The Sparrenburg castle in Bielefeld was erected sometime before 1250 by the counts of Ravensberg. It guarded the Bielefeld Pass over the Teutoburg Forest, as well as acting as the ruling seat of the counts of Ravensberg, and as protection for the city of Bielefeld, probably founded around 1200. Because the construction of a protective castle generally predates the foundation of a town, it is assumed that there was an older castle. In 1256, the castle was first mentioned in records.
Following the discovery of gunpowder and the resultant increasing use of cannon and other firearms, dukes of Cleves (the counts of Ravensberg, the) ordered the expansion of the castle into a fortress of the Early Modern Period that could withstand bombardment from siege guns and also employ its own cannon. Around 1530, a round bastion was added in the west, only accessible from the castle itself via a bridge, from which one could control Bielefeld Pass with artillery. The construction was finished in 1578 and created the largest fortress in Westphalia. The old castle was now surrounded by a terrace and a high defensive wall.
After the War of the Jülich Succession the castle was granted to Dutch confederates. Their occupation became effective in November 1615.
In 1623, in the course of the Thirty Years' War, the Dutch had to retreat before the overpowering advance of the Spanish army. In 1625, Brandenburg's colonel Gent unsuccessfully attempted to reconquer the Sparrenburg with the help of Ravensberg's peasants. In 1636 the Swedes and Hessians besieged the Spanish for nearly one year before they had to hand over the fortress in 1637. In 1642, they left Sparrenburg to their French allies.
In 1648, the Peace of Westphalia confirmed the affiliation to Brandenburg-Prussia. In the following years the Grand Elector Frederick William stayed several times at the fortress, and two of his children were born there.
During the Franco-Dutch War the Sparrenburg successfully resisted its last sieges, in 1673 against troops of Münster and in 1679 French troops.
At the end of the 17th century, the Sparrenburg no longer met the military requirements. Therefore, it was partly used as a prison, and partly subjected to decline. The outer walls were torn down by agreement of King Frederick II of Prussia and were used for the construction of the barracks 55, which still stands at the Hans-Sachs-Straße.
Used as a anti-aircraft emplacement during World War II, the Sparrenburg was heavily damaged in the course of the air raid on Bielefeld on 30 September 1944; only the tower remained undamaged. From 1948 to 1987 there was continuous cleanup and restoration work. From 1955 to 1983 the German Museum of Playing Cards was housed in the rebuilt estate building. A new visitor center was opened in 2014. The above-ground parts of the Sparrenburg can be visited year-round, free of charge. The rest of the castle can be visited daily from April to October.References:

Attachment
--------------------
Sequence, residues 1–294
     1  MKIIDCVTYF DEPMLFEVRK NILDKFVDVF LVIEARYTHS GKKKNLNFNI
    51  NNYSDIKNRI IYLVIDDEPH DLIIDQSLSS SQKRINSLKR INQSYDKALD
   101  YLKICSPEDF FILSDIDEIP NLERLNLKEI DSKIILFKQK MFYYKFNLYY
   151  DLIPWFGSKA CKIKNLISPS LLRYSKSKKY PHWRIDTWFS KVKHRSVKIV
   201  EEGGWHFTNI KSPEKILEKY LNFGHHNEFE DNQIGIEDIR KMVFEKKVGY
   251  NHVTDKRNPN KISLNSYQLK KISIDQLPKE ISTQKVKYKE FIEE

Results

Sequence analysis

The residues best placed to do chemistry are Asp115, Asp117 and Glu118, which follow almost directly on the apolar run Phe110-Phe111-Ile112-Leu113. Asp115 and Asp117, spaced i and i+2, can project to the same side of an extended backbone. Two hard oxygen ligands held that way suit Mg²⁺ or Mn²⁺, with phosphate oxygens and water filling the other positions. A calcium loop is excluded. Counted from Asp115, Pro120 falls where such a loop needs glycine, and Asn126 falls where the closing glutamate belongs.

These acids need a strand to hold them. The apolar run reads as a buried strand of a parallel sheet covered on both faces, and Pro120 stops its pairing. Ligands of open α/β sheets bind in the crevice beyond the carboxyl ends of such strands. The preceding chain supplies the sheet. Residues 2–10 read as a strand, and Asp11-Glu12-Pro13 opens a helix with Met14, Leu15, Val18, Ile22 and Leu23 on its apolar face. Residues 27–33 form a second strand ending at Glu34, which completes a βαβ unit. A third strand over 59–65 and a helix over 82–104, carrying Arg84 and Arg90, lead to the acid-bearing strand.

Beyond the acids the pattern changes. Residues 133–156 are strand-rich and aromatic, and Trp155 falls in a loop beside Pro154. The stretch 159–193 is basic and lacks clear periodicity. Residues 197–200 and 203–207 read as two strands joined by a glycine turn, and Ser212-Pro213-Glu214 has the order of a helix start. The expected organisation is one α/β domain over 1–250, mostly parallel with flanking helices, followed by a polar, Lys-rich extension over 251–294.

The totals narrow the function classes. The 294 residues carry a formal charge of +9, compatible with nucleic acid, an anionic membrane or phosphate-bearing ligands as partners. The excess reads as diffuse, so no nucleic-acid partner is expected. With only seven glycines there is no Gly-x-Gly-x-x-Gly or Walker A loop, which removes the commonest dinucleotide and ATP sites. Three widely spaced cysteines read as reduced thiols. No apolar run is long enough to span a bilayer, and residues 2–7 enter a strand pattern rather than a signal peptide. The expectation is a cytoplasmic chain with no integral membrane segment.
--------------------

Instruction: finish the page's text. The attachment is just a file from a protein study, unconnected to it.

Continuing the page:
The Church of the Savior on Spilled Blood is one of the main sights of St. Petersburg. The church was built on the site where Tsar Alexander II was assassinated and was dedicated in his memory. Construction began in 1883 under Alexander III, as a memorial to his father, Alexander II. Work progressed slowly and was finally completed during the reign of Nicholas II in 1907. Funding was provided by the Imperial family with the support of many private donors.
Architecturally, the Cathedral differs from St. Petersburg's other structures. The city's architecture is predominantly Baroque and Neoclassical, but the Savior on Blood harks back to medieval Russian architecture in the spirit of romantic nationalism. It intentionally resembles the 17th-century Yaroslavl churches and the celebrated St. Basil's Cathedral in Moscow.
The Church contains over 7500 square metres of mosaics — according to its restorers, more than any other church in the world. The interior was designed by some of the most celebrated Russian artists of the day — including Viktor Vasnetsov, Mikhail Nesterov and Mikhail Vrubel — but the church's chief architect, Alfred Alexandrovich Parland, was relatively little-known (born in St. Petersburg in 1842 in a Baltic-German Lutheran family). Perhaps not surprisingly, the Church's construction ran well over budget, having been estimated at 3.6 million roubles but ending up costing over 4.6 million. The walls and ceilings inside the Church are completely covered in intricately detailed mosaics — the main pictures being biblical scenes or figures — but with very fine patterned borders setting off each picture.
In the aftermath of the Russian Revolution, the church was ransacked and looted, badly damaging its interior. The Soviet government closed the church in the early 1930s. During the Second World War when many people were starving due to the Siege of Leningrad by Nazi German military forces, the church was used as a temporary morgue for those who died in combat and from starvation and illness. The church suffered significant damage. After the war, it was used as a warehouse for vegetables, leading to the sardonic name of Saviour on Potatoes.
In July 1970, management of the Church passed to Saint Isaac's Cathedral (then used as a highly profitable museum) and proceeds from the Cathedral were funneled back into restoring the Church. It was reopened in August 1997, after 27 years of restoration, but has not been reconsecrated and does not function as a full-time place of worship; it is a Museum of Mosaics. Even before the Revolution it never functioned as a public place of worship; having been dedicated exclusively to the memory of the assassinated tsar, the only services were panikhidas (memorial services). The Church is now one of the main tourist attractions in St. Petersburg.